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Play Like Elvis: How British Musicians Bought the American Dream [Illustrated] [Paperback]

Duane Eddy , Mo Foster , Mark Cunningham
4.0 out of 5 stars  See all reviews (5 customer reviews)

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Product details

  • Paperback: 350 pages
  • Publisher: Sanctuary Publishing Ltd (9 Feb 2000)
  • Language: English
  • ISBN-10: 1860742858
  • ISBN-13: 978-1860742859
  • Product Dimensions: 21 x 15 x 2.5 cm
  • Average Customer Review: 4.0 out of 5 stars  See all reviews (5 customer reviews)
  • Amazon Bestsellers Rank: 896,299 in Books (See Top 100 in Books)

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Customer Reviews

4.0 out of 5 stars
4.0 out of 5 stars
Most Helpful Customer Reviews
2 of 2 people found the following review helpful
5.0 out of 5 stars Old musos - you've got to get a copy! 25 Mar 2004
If you were or are still are a musician from the early days, this book is a must. Mo has taken anecdotes from great British players from the 50's onwards and shown how we share a common heritage in blisters and blown-up amps. This book also exposes the poor quality of the instruments that we could afford and the blissful ignorance of the technical side that we all shared. The book contains hundreds of tales from the stage and studio from people that have become household names.
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1 of 1 people found the following review helpful
By J. McCarraher TOP 500 REVIEWER
For those not familiar with Mo's work, he was probably the greatest and most prolific session bassist of our era - there will be SOMETHING in your record collection he has featured on.

Mo is as skilled at telling a story as he is at handling a bass guitar. This book charts his own adventures but also tells the story of the electric guitar through his own eyes and through the eyes of his contemporaries.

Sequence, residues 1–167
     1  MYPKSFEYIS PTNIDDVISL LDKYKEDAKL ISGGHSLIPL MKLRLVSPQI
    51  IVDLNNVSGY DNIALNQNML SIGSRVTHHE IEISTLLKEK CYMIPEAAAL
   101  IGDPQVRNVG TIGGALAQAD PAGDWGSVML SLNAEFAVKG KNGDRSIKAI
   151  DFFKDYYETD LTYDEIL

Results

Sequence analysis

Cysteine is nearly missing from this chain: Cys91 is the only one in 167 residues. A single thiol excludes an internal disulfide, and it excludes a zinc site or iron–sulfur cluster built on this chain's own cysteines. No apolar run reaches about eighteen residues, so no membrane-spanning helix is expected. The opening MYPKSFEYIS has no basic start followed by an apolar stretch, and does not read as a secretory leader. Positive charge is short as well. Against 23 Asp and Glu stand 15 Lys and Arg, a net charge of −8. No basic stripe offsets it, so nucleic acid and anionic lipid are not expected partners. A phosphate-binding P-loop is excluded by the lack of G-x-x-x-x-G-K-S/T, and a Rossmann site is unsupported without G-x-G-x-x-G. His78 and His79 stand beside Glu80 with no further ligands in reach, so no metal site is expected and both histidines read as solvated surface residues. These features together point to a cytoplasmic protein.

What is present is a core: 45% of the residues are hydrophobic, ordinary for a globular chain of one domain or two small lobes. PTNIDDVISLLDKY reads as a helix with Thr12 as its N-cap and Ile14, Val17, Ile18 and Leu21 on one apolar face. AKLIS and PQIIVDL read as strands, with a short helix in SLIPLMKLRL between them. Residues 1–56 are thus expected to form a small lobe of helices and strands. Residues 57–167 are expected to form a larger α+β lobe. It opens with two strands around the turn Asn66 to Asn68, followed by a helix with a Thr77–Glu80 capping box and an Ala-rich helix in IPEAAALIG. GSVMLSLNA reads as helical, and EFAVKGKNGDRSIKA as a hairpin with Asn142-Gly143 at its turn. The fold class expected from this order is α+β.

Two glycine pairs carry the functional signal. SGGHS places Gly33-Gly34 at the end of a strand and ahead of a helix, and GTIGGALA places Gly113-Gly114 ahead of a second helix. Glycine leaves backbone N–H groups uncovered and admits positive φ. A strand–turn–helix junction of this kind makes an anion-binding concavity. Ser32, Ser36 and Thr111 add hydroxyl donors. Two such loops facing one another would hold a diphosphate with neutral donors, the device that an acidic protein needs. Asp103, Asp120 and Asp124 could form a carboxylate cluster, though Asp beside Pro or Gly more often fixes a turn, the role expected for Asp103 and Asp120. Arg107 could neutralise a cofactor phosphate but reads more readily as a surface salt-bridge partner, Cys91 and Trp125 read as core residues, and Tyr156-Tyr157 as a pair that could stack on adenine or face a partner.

It is a lovely read, very humourous and gently satisfying as books go.

Look out for his new book on 50 years of rock guitar.
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1 of 1 people found the following review helpful
4.0 out of 5 stars Play like Elvis 17 Dec 2009
Verified Purchase
The book is cheap enough but people should be aware that it is IDENTICAL to another book called "17 Watts?" by the same author.
Having greatly enjoyed "17 Watts?" I checked Amazon for other books by the same author. Amazon presented "Play like Elvis" as a totally separate book so I bought it ......for the second time it seems! The format, title & cover picture is totally different so unless you are told, you wouldn't know any better...until it arrives.
Notwistanding this, the contents are very amusing & informative. However, although much dearer, the hardback "17 Watts?" is immensly superior to the cheap paperback "Play like Elvis" as regards photo quality, printing & paper quality.
I recommend you save up and buy the good one and don't get caught like I did.
CAVEAT EMPTOR !!!
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1 of 1 people found the following review helpful
A friend lent me his copy & I took it on holiday. I could hardly put it down! Anyone around 50-ish age group will identify with everything in this book - like one amplifier for the whole band to go thru & singing into a grundig tape recorder mike! Very funny - brought back a lot of memories of the 60s. It's quite reassuring to think all my heroes had to suffer the same problems I did - from The Shadows to Gary Moore right up to the session scene in the 70s. Anyone who plays an instrument or has an interest in rock & pop needs to read this book about those pioneering days of shoving wires into a socket with matchsticks or even using a light socket for ALL the band's mains! Scary!! Just buy it - you'll be glad you did! I read my mate's book & now I've bought my own to share around my musician friends. Compulsive reading!!
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1 of 2 people found the following review helpful
1.0 out of 5 stars Buyer beware ! 16 Mar 2011
Verified Purchase
"Play Like Elvis" is exactly the same book as "17 Watts". I only found this out in some amazing tiny and virtually unreadable small print on the inside of the first page - the smallest print in the books by a phenomenal margin. You work it out.

The sub-title of "Play Like Elvis" is "How British Musicians Bought The American Dream". The sub-title of "17 Watts" is "The Birth of British Rock Guitar", which of course indicates an entirely different book. But apart from the titles and forewords, both paperbacks are exactly the same book - same text page for page and same paper quality.

Basically, I'm another mug who bought both books. In my opinion this is simply a cynical and dishonest marketing ploy on the part of Sanctuary Publishing to sell the same book twice. I consider it to be a con trick. Sadly, I must now avoid buying any more books by Mo Foster in case the same book is published again under yet another title.....

The "book" is largely based on interviews.
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